'91 Kristin KAMMERER Maithonis and her husband, Chuck MAITHONIS (Crown), had their first child, Zoe, in June; Kristin manages the City of Norwalk Housing Authority, and Chuck is a professional musician.

'92 Joseph DeRISI, a Howard Hughes Medical Institute investigator and professor of biochemistry at UC San Francisco, was selected to receive the 14th annual Heinz Award for Technology, the Economy and Employment, among the largest individual achievement prizes in the world.

'95 Bridget GILLIN Smith (M.A. education, '97) has published her first book, The Unauthorized Guide to Legoland, California, available for purchase on " Friends can follow the family adventures of Bridget, her husband Ken SMITH (Crown '93), Justin (9), Destiny (4), and Jared (3) on Bridget's blog www.familyadventureguidebooks. com.

Merrill College

'71 Roz Spafford was named winner of the first annual Gell Poetry Prize for her first book of poetry, Requiem. As winner, she received a $1,000 honorarium, a two-week fellowship at the Gell Center, and publication of her book by Big Pencil Press.

'78 Tom FAGAN is the author of Extreme Attraction (iUniverse, 2005), a story about the transforming effect two women had on him.

'82 Narciso RODRIGUEZ received an A+ for Energy grant from the BP Energy Education Program to teach his third-grade students in South Gate about energy, energy conservation, and alternative energy choices; he is the proud parent of two current Banana Slugs: Vicente, College 10 (Class of 2009); and David, College Nine (Class of 2011).

'91 Ken GREENE is an assistant professor of government at the University of Texas-Austin ("the Santa Cruz of the South"). His first book, Why Dominant Parties Lose: Mexico's Democratization in Comparative Perspective, won a 2008 Best Book Award from the American Political Science Association. Jennifer WALL is president and winemaker of Three Alarm Cellars in Sonoma County, which collaborated in 2008 with the National Fire Protection Association to spread its annual safety message.

'02 Maya CRONE completed her M.A. degree in international policy studies with a specialization in gender and development at Monterey Institute of International Studies in May.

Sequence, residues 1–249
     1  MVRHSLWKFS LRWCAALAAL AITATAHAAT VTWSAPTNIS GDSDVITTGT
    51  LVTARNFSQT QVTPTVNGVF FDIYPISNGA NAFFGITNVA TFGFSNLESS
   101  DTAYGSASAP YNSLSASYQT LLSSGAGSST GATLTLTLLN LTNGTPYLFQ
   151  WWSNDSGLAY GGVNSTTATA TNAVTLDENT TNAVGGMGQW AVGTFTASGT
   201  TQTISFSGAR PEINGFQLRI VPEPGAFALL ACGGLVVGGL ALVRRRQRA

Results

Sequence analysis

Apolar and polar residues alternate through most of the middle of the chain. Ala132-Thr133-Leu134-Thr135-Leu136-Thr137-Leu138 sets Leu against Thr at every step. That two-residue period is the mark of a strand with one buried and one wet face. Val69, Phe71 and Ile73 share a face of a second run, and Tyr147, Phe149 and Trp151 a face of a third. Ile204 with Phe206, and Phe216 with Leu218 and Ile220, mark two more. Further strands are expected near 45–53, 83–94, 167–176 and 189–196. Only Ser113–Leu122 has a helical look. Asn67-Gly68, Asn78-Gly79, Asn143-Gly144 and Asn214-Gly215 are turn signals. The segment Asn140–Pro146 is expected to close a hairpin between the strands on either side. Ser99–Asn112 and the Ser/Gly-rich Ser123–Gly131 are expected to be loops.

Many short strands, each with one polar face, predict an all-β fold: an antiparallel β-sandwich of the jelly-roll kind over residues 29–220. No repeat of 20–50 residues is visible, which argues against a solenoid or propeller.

Porter College

'77 Sharon TURNOY accepted a position at HP in Cupertino, Calif., as senior manager of executive communications for the executive vice president of the Technology Solutions Group; she welcomes greetings from former classmates at Steven WOLOCK was included in The Best Lawyers in America 2009 as a top practitioner of malpractice law; he works at the law firm of Maddin, Hauser, Wartell, Roth & Heller.

'86 Brian DUGGAN's book Saluki: the Desert Hound and the English Travelers who brought it to the West-a human/canine adventure set against the formation of the modern Middle East-was published in November by McFarland & Co.; Brian is director of learning services at California State University, Stanislaus. Julia SWEIG, Nelson and David Rockefeller Senior Fellow for Latin American Studies and director of Latin American Studies at the Council on Foreign Relations, appeared on the Colbert Report July 15, discussing U.S. foreign policy and her recent book, Friendly Fire: Losing Friends and Making Enemies in the Anti-AmericanCentury (PublicAffairs, 2007).

'91 Sarah FARAGHER Aucoin is deputy director of the Urban Park Rangers; she lives in New York City with her husband, Brian, and their two sons, Arthur (3) and Oscar (1).

'94 Matthew BAUGHMAN is a producer on the Curious George animated series, which airs weekday mornings on PBS; he lives in Southern California.

'95 Jocelyn MARKLE lives in Marin with her son, Inigo, and her dog and cats; she's worked as an interactive producer for web sites and other online projects since 2000.

'01 Joe DePAGE is bass player in a "psycho-billy" act, Vlad and the Impalers; he celebrated the release of their second album, Live in Estonia, by marrying longtime partner Justin Ward in a civil ceremony.

'02 Charles HAYES is coauthor, with Brendan Brandt, of Waiting Tables, Dodging Bullets: An Actor's Guide to Surviving Los Angeles (Wheatmark, 2008), a hip, entertaining guide for the struggling young actor.

Kresge College

'73 Gary NOVACK, Ph.D., was appointed to the board of directors of the American Society for Clinical Pharmacology and Therapeutics; he is a board-certified clinical pharmacologist, specializing in developing new drugs to treat eye diseases.

'76 Debbie ARENSON Boye has been business manager for Boye Knives for the last 25 years. The company's new sailing knife received rave reviews in several national publications.

'79 Art HENRIQUES is director of planning and building inspection services for San Benito County; he's married and has three children, the oldest of whom is a pastry chef. After receiving her M.A. in educational administration from Santa Clara University in 1995, Susan TATSUI-D'Arcy has been working as a local college adviser and private school director; she is also the author of, among other titles, Beat the College Admissions Game: Do a Project! (2006), The 21st Century Mother's Guide to Managing Time and Taking Control of Your Life! (2006), and The Eco Xmas Tree (2006).

'82 Carmen GERMAIN was a visiting artist at the American Academy in Rome in February 2008; her poetry collection, These Things I Will Take With Me, was published by Cherry Grove.